Is fat shaming effective

The Truth Behind Fat-Shaming For Weight Loss

Fat-shaming is something we have all witnessed, if not experienced, at some stage in our lives. From the playground to the boardroom, there are people who say fat-shaming has a positive effect on weight loss.

It involves criticizing and harassing overweight people about their weight and/or eating habits to make them feel ashamed of themselves. The belief is that this may motivate people to eat less, exercise more, and subsequently, lose weight. 

However, what is it about fat-shaming exactly which makes people think that this is the best approach? Is it the best approach? What are the potential drawbacks of its use? What does the evidence say?

Having undertaken a Master’s qualification in Weight Management, I have grown accustomed to these questions which is why I will be providing an evidence-based approach to clarify them in this blog.

In today’s post, I’ll be breaking down:

  • How fat-shaming is thought to help
  • Evidence-based causes of weight gain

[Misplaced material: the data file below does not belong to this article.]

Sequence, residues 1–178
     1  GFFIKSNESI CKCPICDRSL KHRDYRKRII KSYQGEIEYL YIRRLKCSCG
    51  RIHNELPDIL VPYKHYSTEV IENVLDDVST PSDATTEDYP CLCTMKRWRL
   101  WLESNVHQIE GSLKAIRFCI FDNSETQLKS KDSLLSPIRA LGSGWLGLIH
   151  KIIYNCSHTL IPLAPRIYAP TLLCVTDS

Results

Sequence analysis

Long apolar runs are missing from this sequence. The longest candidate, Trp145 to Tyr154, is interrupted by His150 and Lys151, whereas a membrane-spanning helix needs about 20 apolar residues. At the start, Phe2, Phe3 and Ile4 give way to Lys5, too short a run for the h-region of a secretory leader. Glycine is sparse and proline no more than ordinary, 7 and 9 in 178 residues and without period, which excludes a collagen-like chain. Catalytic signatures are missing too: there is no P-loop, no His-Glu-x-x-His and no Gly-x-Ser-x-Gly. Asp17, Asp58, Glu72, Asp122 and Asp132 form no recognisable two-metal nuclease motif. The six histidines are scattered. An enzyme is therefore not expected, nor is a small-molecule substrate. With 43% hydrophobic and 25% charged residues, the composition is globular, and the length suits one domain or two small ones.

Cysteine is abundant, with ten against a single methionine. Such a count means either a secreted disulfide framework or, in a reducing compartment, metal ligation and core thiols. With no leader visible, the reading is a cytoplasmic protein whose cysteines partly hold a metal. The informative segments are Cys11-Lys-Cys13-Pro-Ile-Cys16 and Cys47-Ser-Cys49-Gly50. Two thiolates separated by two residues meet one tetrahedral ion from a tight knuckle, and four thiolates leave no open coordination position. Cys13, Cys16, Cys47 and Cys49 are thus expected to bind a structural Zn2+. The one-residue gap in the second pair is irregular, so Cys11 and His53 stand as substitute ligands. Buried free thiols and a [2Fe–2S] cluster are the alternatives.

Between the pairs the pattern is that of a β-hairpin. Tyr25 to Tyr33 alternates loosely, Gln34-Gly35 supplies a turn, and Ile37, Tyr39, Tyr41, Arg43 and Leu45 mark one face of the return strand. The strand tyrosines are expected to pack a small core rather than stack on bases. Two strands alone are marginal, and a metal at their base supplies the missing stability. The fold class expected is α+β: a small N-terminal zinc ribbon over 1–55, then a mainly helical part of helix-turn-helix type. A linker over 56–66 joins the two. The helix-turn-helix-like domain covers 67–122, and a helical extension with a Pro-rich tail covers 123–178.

• Problem-focused vs Emotion-focused/avoidant coping
  • Fat-shaming and weight stigma
  • Intrinsic vs. extrinsic motivation
  • Evidence of why fat-shaming isn’t effective
  • Self-determination theory
  • Motivational Interviewing
  • Ambivalence

How fat-shaming is thought to help

To begin, the reason why fat-shaming is proposed to help adiposity is based on two beliefs. The first is that those who are overweight or obese are lazy, lacking in self-discipline, selfish, unintelligent or impulsive (Puhl & Heuer, 2009).

 I would suggest that it is most likely an assumption based on a combination of all five. Accordingly, it is thought that taking a “tough love” approach, may alter these supposed character flaws of an individual into more favourable characteristics such as motivation, resilience, diligence and dedication to lead to effective weight management outcomes.